U.S. home sales data and jump in business activity helped push the stock markets higher
A jump in U.S. business activity and home sales helped push global equities and the dollar higher on Friday, counteracting earlier stock declines in Europe. Oil fell about 1%.
The Nasdaq and S&P 500 hit record highs and the dollar broke an eight-week losing streak, gaining as weaker economic data in Europe weighed on the single currency.
The fresh impetus came from a preliminary purchasing managers’ survey that showed U.S. business activity in August snapped back to the highest level since early 2019, data firm IHS Markit said. Services and manufacturing indices also rose, even though new COVID-19 cases remain high across the United States.
U.S. home sales data for July showed deals rising at a record pace for the second straight month, providing another glimmer of growth in the U.S. economy.
Friday’s data counterbalanced a steep rise in U.S. jobless claims on Thursday and Federal Reserve minutes on Wednesday that suggested the economy was beginning to stall, prompting investors to seek safe havens, said Michael Arone, chief investment strategist at State Street Global Advisors in Boston.
It’s not surprising to see a pick-up in manufacturing as the economy has started to reopen, even though pockets of the country have pulled back on their reopenings, said Lindsey Bell, chief investment strategist at Ally Invest. It’s an encouraging sign and it supports the upside we have seen in the markets.
The Dow Jones Industrial Average rose 190.6 points, or 0.69%, to 27,930.33.
The S&P 500, which broke out of its bear market on Tuesday by recouping pandemic-related losses, powered up 11.65 points, or 0.34%, to 3,397.16.
The tech heavy Nasdaq Composite added 46.85 points, or 0.42%, to 11,311.80.
Among global shares, MSCI’s benchmark for global equity markets was off its lows for the day, rising 0.27% to 571.17.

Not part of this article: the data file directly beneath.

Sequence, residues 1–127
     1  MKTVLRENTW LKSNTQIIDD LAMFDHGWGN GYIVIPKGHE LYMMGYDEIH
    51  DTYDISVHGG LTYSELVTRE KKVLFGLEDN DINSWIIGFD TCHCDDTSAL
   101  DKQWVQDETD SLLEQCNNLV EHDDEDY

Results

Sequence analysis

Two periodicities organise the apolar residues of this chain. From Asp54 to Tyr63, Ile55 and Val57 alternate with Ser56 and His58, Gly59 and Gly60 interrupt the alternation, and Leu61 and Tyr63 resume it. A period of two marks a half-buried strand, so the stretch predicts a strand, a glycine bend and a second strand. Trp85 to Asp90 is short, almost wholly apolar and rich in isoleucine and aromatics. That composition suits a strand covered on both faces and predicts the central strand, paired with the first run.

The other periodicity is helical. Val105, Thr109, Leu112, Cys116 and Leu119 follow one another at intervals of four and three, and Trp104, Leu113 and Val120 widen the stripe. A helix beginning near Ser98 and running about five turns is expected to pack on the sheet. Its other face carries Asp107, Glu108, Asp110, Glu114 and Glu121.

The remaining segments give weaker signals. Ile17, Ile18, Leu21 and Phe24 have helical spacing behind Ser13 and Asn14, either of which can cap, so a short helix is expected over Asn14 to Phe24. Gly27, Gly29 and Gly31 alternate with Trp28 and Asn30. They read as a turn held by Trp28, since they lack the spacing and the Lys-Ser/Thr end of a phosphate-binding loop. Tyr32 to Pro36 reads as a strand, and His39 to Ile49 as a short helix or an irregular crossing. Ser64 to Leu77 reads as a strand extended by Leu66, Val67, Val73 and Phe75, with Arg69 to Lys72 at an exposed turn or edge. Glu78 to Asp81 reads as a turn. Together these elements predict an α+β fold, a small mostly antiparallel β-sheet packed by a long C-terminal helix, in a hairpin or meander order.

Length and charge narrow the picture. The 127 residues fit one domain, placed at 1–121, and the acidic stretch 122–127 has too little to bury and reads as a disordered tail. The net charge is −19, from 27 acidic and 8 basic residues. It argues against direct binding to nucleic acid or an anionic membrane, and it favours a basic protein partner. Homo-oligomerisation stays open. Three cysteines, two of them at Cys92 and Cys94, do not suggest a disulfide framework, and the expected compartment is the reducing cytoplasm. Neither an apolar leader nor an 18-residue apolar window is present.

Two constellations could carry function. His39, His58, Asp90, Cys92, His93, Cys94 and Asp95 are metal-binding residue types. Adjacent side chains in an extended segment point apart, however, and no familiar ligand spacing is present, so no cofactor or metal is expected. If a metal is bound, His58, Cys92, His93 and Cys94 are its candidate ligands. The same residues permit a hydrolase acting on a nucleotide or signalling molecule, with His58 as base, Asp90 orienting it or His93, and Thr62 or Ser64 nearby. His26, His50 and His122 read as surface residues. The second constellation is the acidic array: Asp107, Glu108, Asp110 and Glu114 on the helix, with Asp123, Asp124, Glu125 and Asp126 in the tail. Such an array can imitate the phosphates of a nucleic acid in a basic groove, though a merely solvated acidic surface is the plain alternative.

Europe’s broad FTSEurofirst 300 index dropped 0.20% to 1,416.57.
Meanwhile, the dollar index rose 0.63%.
Investors are exiting some of the more economically sensitive sectors of the market and going back to the old stalwarts of tech, where you get reliable growth, Arone said of the rise in tech shares.
Sombre economic numbers earlier in the day in Europe, including euro zone data pointing to a faltering recovery, doused stock market gains in Asia overnight, and also caused the euro to recoil further from recent peaks.
The loss of momentum came after fresh numbers painted a muted economic outlook, with purchasing managers’ index releases from France and Germany as well as the wider euro zone falling short of expectations.
The survey contains some strong evidence that the recovery has slowed in August, particularly in the services sector, said Moritz Degler, senior economist at Oxford Economics.
The euro fell 0.61% to $1.1787 and also ended down for the week, after seven weeks of gains against the dollar.
U.S. Treasury yields declined for the week, showing the preference for safe-havens. The shift short-circuited last week’s rally and resumed the downtrend that has largely prevailed all year.
Analysts pointed to rising coronavirus infection numbers having tempered economic activity. On Thursday, France experienced a post-lockdown record in new infections, while countries across the region imposed fresh travel restrictions.
Europe’s troubles weighed more heavily on oil, which lost about 1% on Friday on concerns about the global economic recovery, renewed coronavirus lockdowns and rising crude supplies.
Brent crude futures settled at $44.35 a barrel, down 55 cents, or 1.2%. U.S. West Texas Intermediate (WTI) crude futures settled at $42.34 a barrel, falling 86 cents, or 1.1%.
Brent fell about 1% for the week, while WTI saw a weekly rise of nearly 1%.
Spot gold dropped 0.3% to $1,937.69 an ounce. U.S. gold futures fell 0.12% to $1,934.60 an ounce.
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